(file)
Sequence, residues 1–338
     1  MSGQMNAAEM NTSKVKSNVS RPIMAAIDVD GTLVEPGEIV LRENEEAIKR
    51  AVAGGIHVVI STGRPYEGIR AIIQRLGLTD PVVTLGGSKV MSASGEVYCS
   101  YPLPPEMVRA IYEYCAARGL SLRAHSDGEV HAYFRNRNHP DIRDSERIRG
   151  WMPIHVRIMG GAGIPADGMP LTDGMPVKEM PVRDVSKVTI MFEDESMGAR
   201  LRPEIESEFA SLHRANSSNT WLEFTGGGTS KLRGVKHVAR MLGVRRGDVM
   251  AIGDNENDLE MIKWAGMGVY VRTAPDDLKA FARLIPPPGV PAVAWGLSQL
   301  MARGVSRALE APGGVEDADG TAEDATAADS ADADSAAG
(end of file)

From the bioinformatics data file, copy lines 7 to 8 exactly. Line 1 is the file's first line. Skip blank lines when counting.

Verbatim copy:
   251  AIGDNENDLE MIKWAGMGVY VRTAPDDLKA FARLIPPPGV PAVAWGLSQL
   301  MARGVSRALE APGGVEDADG TAEDATAADS ADADSAAG